Suddenly, the House GOP wants to be a party of action, not just “the party of no.”
But it is unclear whether the new image is real. Can Boehner pass an immigration bill through the House with support from both parties? Or, will the new normal quickly revert to the old normal, with its leaders forced to craft bills that can only pass the House if 217 votes can be found from among the Republican ranks?
Either future seems possible after the House GOP’s strategic retreat at this snow-covered resort on the Chesapeake Bay.
The promise of something new came with the release of immigration principles including a commitment to legal status for illegal immigrants. Even GOP opponents concede this is a significant shift that makes a deal seem possible.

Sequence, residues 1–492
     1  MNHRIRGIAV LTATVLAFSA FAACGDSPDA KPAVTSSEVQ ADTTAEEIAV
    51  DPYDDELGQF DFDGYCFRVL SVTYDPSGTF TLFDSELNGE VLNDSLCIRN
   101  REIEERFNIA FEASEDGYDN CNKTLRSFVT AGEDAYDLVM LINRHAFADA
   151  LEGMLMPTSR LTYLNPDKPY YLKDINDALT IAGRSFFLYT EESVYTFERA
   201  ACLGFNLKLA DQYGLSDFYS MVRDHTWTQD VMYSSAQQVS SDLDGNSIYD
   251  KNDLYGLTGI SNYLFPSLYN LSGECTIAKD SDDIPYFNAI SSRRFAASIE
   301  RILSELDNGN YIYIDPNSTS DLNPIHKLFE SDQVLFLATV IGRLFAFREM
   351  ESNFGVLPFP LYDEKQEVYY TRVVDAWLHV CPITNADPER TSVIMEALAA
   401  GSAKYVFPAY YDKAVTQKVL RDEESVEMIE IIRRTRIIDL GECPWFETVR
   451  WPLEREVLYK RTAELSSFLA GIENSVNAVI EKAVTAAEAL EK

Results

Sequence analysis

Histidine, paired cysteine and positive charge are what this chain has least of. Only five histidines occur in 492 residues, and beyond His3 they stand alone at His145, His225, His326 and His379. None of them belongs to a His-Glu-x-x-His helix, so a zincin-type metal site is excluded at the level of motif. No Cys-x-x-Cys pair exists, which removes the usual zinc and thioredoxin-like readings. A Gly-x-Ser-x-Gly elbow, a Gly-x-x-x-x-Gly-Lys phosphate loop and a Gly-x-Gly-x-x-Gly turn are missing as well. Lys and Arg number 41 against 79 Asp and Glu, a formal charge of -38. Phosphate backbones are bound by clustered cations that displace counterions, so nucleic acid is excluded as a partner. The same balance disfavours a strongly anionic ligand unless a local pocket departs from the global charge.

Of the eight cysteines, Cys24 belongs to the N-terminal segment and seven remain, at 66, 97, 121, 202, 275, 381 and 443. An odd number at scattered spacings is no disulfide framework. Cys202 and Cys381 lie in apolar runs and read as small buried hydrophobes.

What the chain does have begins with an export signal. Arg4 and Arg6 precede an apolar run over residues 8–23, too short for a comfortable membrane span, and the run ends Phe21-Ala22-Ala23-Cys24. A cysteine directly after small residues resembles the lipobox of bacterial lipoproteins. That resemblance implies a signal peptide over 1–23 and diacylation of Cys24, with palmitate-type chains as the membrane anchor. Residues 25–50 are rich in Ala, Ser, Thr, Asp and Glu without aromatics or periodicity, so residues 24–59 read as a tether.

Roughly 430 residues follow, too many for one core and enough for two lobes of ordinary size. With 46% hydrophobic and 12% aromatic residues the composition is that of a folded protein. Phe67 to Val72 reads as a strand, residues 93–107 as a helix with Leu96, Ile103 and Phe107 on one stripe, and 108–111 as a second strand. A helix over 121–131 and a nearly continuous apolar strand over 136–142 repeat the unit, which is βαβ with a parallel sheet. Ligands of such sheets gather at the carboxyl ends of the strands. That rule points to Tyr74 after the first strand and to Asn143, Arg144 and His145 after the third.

Yet Republicans left many details undecided on immigration, the federal borrowing limit and tax reform. Some of them warn that a more liberal immigration bill will alienate the GOP base and depress voter turnout — the key to winning a midterm election.